Is active transportation (such as walking, bicycling, rollerskating or using a wheelchair or stroller) already a strong part of your community? Are the roads and trails conducive to active transportation for all types of people? How safe do you feel when walking or biking in the PA Wilds?
The PA Wilds Center for Entrepreneurship was part of a conversation on this topic that happened during the Walk-Bike-Roll event on May 19 at the Six&Kane building in Kane, McKean County. The event was held by the PA Route 6 Alliance and PA WalkWorks/the Pennsylvania Downtown Center, with key sponsorship from West Penn Power Sustainable Energy Fund (WPPSEF) and the North Central Pennsylvania Regional Planning and Development Commission (North Central).
It was a full day of interactive learning and brainstorming, featuring locally tailored presentations from a national expert discussing the recently adopted regional Active Transportation Plan, completed by North Central for the municipal level. In addition to the plan, the workshop focused on making sure that momentum is continued for expanding not just greenway and trail access but also the use of active modes for everyday transportation within individual municipalities.
The goal is for every community to have safe, accessible, inviting and connected opportunities to walk and bike, whether for recreation and sport or transportation and tourism.
The event was open to anyone interested in active living-based economic development. Among the attendees were municipal officials and employees, planners, community leaders, non-profit organizations, local business owners, and members of the general public.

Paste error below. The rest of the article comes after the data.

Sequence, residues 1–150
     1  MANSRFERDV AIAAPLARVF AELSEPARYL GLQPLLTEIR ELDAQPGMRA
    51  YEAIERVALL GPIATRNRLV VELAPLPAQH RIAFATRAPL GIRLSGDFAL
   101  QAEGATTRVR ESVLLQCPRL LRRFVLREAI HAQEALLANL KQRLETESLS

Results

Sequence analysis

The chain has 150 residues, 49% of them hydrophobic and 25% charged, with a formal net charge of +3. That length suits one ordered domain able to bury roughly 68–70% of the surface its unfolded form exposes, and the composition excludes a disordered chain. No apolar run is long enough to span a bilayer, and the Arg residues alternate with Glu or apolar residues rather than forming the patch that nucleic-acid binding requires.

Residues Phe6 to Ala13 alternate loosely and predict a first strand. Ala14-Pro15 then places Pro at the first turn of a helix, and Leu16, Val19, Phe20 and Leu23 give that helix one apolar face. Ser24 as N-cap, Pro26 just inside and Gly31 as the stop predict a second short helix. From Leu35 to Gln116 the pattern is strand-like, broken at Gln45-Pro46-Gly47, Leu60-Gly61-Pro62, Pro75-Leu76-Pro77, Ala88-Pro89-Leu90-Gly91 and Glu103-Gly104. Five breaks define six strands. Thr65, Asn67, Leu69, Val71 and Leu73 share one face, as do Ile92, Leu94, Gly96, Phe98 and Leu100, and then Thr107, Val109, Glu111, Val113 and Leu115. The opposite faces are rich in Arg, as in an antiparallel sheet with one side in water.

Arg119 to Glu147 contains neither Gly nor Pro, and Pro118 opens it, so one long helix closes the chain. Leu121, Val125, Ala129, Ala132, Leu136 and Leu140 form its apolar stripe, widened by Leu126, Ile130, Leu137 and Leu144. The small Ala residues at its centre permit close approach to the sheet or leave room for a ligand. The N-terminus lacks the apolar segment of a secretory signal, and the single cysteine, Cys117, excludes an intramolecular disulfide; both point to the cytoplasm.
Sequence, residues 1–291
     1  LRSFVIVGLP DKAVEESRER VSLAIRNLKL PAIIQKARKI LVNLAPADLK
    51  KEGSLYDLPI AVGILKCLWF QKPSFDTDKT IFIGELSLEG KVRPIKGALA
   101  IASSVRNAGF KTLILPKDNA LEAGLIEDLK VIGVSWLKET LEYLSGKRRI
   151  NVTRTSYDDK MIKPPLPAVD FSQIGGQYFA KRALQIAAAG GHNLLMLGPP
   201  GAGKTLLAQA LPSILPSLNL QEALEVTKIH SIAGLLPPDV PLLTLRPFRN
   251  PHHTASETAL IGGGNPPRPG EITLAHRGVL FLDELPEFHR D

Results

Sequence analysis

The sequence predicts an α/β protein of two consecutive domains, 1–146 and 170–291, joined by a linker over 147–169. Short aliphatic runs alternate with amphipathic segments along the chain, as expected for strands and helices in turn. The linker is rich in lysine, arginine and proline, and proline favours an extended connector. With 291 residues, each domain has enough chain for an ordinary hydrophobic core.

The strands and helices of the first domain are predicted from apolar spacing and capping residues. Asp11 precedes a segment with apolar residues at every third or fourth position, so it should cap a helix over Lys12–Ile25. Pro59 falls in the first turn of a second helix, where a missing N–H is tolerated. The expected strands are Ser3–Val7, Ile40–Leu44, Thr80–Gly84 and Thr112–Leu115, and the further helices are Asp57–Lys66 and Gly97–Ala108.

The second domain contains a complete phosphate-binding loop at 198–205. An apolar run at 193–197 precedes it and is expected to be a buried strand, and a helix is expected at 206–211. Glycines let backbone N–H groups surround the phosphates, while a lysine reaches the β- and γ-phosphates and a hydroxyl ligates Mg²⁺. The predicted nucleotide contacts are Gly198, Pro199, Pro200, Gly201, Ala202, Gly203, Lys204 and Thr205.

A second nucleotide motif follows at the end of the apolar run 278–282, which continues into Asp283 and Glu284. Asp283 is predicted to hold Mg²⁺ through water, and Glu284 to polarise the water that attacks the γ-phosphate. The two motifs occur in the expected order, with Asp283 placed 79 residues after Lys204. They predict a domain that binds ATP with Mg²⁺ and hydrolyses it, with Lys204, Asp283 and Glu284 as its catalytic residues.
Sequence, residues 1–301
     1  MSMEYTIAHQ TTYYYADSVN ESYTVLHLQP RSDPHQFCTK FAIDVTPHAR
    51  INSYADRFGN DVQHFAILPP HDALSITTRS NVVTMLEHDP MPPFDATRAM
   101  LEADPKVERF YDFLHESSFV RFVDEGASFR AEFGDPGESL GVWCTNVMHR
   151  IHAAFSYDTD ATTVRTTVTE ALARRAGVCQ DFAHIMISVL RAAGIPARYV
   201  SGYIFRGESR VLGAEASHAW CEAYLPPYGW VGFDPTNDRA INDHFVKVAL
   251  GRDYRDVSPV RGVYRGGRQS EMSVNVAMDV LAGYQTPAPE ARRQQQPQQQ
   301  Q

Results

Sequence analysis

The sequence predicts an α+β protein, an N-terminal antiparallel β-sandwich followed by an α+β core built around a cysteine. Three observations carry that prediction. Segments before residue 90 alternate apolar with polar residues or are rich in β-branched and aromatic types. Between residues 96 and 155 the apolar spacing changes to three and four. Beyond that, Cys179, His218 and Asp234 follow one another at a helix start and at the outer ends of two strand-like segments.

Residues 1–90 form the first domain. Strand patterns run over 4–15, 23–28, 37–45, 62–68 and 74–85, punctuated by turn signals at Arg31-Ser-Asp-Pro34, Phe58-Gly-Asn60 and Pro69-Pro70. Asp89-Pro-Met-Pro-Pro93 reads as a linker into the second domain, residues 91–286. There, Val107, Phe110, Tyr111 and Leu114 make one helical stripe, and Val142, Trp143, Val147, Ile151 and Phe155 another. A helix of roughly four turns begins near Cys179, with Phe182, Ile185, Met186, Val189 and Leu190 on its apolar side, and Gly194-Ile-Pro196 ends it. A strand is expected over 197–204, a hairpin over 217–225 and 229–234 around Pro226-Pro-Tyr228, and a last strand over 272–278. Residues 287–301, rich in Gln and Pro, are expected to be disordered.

One of the featured guest speakers was Natalie Villwock-Witte, a transportation engineer and researcher at Montana State University and author of Bicycle and Pedestrian Improvements Realized in Communities of Under 10,000. The work includes case studies of multiple communities in Kentucky, Florida, New Mexico, Minnesota, and Vermont – many with relevance for the small boroughs and hamlets of Northern Tier Pennsylvania.
In addition to the learning that was done inside Six&Kane during the workshop, more fun happened before and after the official Walk-Bike-Roll workshop. There were pre- and post- tours by bike and on foot the evening before the event, as well as a mural tour. After the workshop, participants were also invited to test out e-bikes to get to know what it’s like to ride one and how they might be used on roadways throughout the region. A happy hour also allowed participants to get to know each other and brainstorm even after the day’s work was done.
Other event partners included the National Center for Rural Road Safety, the Western Transportation Institute, McKean County Planning and Kane Area Development Center.
Photos are courtesy of PA Route 6 Alliance.